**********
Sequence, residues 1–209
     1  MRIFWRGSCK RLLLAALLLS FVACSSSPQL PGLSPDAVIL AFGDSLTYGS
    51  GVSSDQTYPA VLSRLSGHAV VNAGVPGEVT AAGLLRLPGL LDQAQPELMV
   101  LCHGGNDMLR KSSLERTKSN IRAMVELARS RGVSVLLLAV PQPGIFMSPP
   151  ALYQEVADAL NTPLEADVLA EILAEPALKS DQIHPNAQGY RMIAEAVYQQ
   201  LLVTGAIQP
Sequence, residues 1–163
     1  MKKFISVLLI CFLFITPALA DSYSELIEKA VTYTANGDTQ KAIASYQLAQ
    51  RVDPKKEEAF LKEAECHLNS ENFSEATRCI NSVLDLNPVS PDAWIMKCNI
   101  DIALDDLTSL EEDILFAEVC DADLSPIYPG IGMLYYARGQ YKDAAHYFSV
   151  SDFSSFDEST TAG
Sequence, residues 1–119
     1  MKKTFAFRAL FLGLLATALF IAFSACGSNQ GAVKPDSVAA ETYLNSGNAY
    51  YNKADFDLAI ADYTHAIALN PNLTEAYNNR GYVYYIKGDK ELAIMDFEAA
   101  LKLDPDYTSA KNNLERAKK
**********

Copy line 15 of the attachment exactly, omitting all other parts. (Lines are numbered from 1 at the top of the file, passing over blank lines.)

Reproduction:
   101  LKLDPDYTSA KNNLERAKK